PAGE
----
Modern SIPP

Examples of some modern SIPPs are our two top recommendations, PensionBee¹ and Moneyfarm¹.

What if I’m self-employed?

If you’re working for yourself, you'll be aware of the great benefits! Although that does mean it’s down to you to sort your own pension out. But don’t worry, it really can be super easy to get started.

Your only option is to open a personal pension, that’s where you’re in control, and can choose any provider and pension scheme you like!

You’ll still be able to save tax-free, just like employees with their workplace pension, as you’ll get a 25% bonus from the Government paid directly into your pension, to offset the tax you’ll pay on your income (and you can claim 40% and 45% tax back if you’d paid that too).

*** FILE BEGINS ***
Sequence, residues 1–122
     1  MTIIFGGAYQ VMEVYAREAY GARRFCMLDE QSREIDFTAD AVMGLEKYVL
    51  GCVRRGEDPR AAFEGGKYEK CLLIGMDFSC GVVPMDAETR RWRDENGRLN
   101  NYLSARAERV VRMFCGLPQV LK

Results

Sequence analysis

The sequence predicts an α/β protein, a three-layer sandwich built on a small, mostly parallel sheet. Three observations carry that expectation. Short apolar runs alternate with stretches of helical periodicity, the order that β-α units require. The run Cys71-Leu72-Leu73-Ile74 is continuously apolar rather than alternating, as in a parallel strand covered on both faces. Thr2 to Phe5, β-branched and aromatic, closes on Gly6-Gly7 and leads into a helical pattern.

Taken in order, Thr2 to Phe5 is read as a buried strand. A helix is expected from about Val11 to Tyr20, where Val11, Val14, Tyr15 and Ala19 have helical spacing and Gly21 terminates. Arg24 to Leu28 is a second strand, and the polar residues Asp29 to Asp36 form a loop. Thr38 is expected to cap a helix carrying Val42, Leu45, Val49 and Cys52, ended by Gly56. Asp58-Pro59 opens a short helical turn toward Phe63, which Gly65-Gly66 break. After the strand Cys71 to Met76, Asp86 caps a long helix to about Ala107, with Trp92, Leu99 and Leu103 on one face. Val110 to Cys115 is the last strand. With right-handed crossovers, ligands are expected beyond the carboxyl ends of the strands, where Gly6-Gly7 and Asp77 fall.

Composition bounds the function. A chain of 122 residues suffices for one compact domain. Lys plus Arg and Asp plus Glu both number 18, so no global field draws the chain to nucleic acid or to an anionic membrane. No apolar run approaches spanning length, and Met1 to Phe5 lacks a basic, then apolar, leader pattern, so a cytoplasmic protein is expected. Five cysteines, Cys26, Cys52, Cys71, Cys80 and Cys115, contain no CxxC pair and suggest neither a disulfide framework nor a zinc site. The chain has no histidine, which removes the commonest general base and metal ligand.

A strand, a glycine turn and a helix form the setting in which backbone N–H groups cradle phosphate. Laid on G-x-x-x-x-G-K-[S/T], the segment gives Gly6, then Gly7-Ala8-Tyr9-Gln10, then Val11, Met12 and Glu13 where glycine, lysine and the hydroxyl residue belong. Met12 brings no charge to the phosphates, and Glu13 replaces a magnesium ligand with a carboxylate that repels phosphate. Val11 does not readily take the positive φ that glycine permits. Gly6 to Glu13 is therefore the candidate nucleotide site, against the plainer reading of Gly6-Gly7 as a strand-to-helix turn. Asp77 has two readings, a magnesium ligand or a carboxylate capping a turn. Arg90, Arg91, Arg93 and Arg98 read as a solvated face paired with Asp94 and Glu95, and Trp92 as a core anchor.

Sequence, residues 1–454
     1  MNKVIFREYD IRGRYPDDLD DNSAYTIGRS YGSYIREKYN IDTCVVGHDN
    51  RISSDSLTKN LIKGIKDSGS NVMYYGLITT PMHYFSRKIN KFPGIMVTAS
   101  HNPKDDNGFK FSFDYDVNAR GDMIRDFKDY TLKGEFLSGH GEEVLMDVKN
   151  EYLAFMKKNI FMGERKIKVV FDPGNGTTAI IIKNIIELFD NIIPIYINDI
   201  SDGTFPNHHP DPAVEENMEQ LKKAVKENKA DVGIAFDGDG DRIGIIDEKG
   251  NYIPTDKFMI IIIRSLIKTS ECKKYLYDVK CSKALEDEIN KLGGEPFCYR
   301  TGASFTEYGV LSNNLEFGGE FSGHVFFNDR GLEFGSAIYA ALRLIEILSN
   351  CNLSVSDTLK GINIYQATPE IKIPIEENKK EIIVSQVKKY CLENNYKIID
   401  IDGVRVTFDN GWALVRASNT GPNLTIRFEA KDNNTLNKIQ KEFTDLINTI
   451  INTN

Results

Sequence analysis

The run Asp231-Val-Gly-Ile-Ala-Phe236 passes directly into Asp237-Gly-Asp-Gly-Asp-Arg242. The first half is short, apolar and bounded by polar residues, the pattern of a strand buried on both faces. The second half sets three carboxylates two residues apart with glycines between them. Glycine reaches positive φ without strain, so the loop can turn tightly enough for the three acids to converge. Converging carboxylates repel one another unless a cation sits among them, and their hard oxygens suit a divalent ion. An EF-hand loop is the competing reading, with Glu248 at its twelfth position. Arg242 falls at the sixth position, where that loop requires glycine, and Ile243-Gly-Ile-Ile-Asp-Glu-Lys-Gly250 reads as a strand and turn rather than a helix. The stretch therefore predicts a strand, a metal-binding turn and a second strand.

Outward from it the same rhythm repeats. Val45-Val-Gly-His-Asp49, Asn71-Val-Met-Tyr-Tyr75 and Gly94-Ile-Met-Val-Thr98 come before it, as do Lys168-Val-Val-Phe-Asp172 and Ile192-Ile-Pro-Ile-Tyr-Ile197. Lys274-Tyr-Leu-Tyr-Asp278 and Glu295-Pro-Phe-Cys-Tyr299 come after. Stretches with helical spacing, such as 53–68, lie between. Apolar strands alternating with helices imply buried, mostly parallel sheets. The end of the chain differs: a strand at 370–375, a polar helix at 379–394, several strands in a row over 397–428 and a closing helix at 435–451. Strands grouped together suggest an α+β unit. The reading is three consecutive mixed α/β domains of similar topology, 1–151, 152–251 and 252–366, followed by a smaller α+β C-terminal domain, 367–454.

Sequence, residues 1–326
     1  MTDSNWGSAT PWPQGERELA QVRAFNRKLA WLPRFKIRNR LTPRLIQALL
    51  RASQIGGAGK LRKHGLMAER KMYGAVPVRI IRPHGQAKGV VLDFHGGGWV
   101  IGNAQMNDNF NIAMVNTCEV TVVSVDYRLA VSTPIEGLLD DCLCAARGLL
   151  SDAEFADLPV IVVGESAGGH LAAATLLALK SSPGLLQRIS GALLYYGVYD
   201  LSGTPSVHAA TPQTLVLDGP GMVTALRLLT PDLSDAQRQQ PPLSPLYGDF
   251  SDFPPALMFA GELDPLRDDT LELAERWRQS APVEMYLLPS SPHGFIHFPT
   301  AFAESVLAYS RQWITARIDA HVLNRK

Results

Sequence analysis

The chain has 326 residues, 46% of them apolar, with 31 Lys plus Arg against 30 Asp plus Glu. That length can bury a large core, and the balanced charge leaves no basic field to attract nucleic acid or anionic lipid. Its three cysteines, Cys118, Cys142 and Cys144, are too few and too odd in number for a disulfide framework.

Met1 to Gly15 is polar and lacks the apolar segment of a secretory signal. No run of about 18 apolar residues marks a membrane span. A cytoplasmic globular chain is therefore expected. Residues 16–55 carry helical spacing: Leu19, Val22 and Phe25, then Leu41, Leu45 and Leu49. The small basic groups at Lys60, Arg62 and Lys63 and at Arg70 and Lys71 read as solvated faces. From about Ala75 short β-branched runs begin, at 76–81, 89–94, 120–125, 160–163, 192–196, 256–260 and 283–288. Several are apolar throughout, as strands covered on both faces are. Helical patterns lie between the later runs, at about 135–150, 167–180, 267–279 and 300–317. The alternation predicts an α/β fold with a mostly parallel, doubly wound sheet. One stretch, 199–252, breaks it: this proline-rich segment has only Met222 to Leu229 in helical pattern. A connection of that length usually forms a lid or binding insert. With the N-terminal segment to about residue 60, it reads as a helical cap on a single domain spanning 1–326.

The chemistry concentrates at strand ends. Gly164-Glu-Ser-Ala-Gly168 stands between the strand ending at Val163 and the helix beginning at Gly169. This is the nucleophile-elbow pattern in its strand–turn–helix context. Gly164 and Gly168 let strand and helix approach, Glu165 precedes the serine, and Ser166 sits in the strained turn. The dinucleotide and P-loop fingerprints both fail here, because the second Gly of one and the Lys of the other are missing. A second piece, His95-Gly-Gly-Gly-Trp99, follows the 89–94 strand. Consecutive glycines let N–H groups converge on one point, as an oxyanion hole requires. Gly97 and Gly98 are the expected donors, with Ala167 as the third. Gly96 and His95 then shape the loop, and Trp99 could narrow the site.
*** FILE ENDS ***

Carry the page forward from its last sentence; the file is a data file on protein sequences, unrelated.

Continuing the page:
Self-employed pension scheme

If you’re keen to learn more, we’ve got a guide to the best pensions for self-employed people, or if you’re just looking for the top option, check out PensionBee¹, where you can also pay in from a business account (if you have one).

By the way, you’ll still get the State Pension when you’re self-employed, as long as you pay your National Insurance contributions each year.

What’s the best pension drawdown provider?

If you’ve already got a pension and nearing retirement, or perhaps just getting a few grey hairs and nearing 55 years old, and want to start withdrawing money from it (called pension drawdown), one of the best options for you is likely PensionBee… (feel free to skip this section if you aren't nearing 55 years old).